Native Village Youth and Education News

May 1, 2009 Issue 198
Volume 4

Warming West Imperils Tiny Pika
Condensed by Native Village

 

Salt Lake City, Utah:  For American pikas in the Great Basin, the news is grim: the tiny, short-legged, softball-sized fur ball that huddles in high mountain slopes must scurry farther up the mountains as the climate warms. In some places, they've run out of room to run.

Now federal officials may put the pika on the endangered species list. That would make it the first species in the lower 48 states to get federal endangered species protections because of climate change.

"[The pika] is feeling an exaggerated brunt of global warming," said Greg Loarie from Earthjustice. "Unlike others, it can't move north. It's stuck. [But] the pika is the tip of the iceberg, Scientists are saying if global warming continues on this track, there are more extinctions coming. I don't think that most people are willing to accept that."

The polar bear is already listed because of threats of global warming. The pika could be next. And more petitions naming climate change as a cause of species decline are likely in the coming years

Archaeologist Donald Grayson said that pikas once lived at about 5,700 feet above sea level. Now they are now averaging higher than 8,000 feet.  "In the Great Basin, pikas now are at such high elevations, there's not any place for them to go any higher," he said. "I actually think that pikas in the Great Basin are probably doomed."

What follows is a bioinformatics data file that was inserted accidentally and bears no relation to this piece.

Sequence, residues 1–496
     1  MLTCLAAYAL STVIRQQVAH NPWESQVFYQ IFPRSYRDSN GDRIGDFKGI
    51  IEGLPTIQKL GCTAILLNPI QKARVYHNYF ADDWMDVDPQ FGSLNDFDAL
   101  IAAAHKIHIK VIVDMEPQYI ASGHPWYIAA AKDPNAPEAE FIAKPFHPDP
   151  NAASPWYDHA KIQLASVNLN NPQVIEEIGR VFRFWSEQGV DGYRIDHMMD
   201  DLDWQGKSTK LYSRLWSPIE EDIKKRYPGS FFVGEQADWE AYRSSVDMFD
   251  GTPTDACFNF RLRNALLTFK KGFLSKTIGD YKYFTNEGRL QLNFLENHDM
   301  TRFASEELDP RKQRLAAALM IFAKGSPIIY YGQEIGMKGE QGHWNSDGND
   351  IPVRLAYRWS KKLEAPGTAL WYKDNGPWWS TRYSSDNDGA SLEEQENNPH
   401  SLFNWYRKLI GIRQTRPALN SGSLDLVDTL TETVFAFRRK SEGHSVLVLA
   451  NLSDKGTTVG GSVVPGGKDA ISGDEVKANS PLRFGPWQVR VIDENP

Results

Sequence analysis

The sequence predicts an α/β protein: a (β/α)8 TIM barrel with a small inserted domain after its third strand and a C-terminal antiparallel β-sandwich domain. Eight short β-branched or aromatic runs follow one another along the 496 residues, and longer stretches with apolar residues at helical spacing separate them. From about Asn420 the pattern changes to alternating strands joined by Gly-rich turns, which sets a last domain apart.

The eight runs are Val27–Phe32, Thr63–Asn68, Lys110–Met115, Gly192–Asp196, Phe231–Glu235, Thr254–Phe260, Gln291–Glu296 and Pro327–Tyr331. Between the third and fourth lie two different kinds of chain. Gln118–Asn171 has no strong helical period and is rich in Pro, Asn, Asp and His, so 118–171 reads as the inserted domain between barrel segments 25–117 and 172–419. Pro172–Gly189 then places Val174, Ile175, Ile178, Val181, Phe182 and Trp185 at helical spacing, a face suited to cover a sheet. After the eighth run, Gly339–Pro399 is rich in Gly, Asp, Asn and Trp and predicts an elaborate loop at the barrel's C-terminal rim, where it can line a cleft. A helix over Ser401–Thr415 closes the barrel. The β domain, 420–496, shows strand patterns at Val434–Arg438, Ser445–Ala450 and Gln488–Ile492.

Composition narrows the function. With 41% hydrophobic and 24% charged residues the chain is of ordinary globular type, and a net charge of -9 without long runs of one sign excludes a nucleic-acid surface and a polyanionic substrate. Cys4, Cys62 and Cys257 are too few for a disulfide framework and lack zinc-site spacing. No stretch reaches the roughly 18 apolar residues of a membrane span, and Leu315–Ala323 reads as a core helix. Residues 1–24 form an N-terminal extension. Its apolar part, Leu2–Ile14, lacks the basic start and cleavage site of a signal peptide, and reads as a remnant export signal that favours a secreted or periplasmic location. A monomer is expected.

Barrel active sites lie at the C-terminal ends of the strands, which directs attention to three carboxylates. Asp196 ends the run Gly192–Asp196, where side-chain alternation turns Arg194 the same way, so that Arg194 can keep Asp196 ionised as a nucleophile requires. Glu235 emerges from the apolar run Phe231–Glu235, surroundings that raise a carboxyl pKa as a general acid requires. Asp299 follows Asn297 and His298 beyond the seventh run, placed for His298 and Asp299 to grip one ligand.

Six of 25 known pika populations in the Great Basin have already disappeared.

"Climate seems to be the single strongest driver but it's interacting" with other factors such as grazing, habitat loss, roads and human disturbance, said Erik Beever.  "There's not a lot of wiggle room with these guys." He was referring to the small difference between pikas' body temperature and the temperature at which they die.

"What the loss of the pika shows us is that global warming is impacting wildlife here in our own backyard," said biologist Shaye Wolf. "It provides an early indicator of what's to come if we don't reduce our greenhouse gas pollution."

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